Earlier this year, American conservationist Kristine (Kris) McDivvit Tompkins helped reintroduced the jaguar to Argentina’s Iberá wetlands—70 years after hunting and habitat loss drove the species to extinction—through Rewilding Argentina, the partner organization to Tompkins Conversation, which Tompkins co-founded with her late husband, Doug.
Mariua, an adult jaguar who was rescued as an orphan in Brazil, and her two cubs were released into Gran Iberá Park in January 2021, the first of nine jaguars slated to repopulate the species in the protected area, which was created in part with lands donated by Tompkins Conservation. Dubbed rewilding, the process fights the extinction crisis by reintroducing native species that are endangered or locally extinct.
At any given time, Tompkins and her team are working on the rewilding of a dozen species, from giant anteaters to red-and-green macaws and Darwin’s rhea, as part of their worldwide conservation efforts.
“It has taken 10 very complicated, costly, and nerve-wracking years to make this happen,” says Tompkins of the jaguar rewilding in Argentina. “All reintroductions are tough, but the benefit, then, is that you really feel each of the victories.”
No stranger to trials and tribulations, Tompkins is the former CEO of Patagonia, Inc., a world-renowned ‘anti-corporation’ known for its commitment to fighting the climate crisis. In 1993, however, Tompkins retired and married her match in Doug, founder of The North Face and co-founder of Esprit. The nature-loving duo decided to leave corporate America and instead devote their funds, time, and passion to biodiversity conservation, specifically with national parks.
In the years both preceding and following Doug’s death in 2015, Tompkins Conservation has protected approximately 14.5 million acres of parklands in Chile and Argentina, adding more than 10 million acres of parkland to Chile, which has been billed as the largest donation of land from a private entity to a country in history.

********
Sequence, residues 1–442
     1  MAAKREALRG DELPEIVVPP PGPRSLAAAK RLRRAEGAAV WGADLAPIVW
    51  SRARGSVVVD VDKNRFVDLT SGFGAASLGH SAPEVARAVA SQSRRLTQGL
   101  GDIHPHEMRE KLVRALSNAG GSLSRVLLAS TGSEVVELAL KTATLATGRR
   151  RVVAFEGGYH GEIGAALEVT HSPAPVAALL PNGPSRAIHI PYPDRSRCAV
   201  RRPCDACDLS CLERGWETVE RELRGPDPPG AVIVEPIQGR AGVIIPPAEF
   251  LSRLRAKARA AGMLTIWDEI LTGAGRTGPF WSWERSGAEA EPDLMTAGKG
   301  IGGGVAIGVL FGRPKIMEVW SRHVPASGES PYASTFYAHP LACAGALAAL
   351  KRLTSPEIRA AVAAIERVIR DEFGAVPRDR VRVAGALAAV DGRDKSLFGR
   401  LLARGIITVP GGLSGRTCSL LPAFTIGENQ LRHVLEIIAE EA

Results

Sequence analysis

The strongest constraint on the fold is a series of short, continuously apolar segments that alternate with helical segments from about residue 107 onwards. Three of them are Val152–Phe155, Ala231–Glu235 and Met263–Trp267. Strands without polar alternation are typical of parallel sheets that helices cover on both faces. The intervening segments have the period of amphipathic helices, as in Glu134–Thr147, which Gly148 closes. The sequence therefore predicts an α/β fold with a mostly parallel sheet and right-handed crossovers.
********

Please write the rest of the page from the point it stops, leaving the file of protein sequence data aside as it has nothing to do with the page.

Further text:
Tompkins sees the creation of parks, however, as a starting point. Just as important is to restore their ecosystems to be whole and functional. This includes bringing back missing species, which have key ecological functions.
“If I’m proud of one thing, I’m very proud of my husband and what he did with his life,” says Tompkins. “We are known for being a relatively small team, and we push the throttle non-stop. I’m turning 70 this year, but I live with a giant clock on my shoulder. The clock is ticking on the natural world and with species going extinct.”
On May 6, Tompkins will keynote the Field Museum’s annual Women in Science event, hosted virtually by the Museum’s Women’s Board and co-chaired by Barrington native Jeannie Tisbo along with Beth Glass, which funds ten high-school and undergraduate summer internships, a graduate fellowship, and a postdoctoral position. Since the program’s inception, proceeds from the event have directly supported more than 80 women at various points in their scientific careers.
Tompkins will be in conversation with Wendy Paulson of Barrington, who has dedicated her career to education and conservation action and is known in Barrington as the ‘nature lady’ thanks to the ecological literacy work she has done with Barrington Public Schools.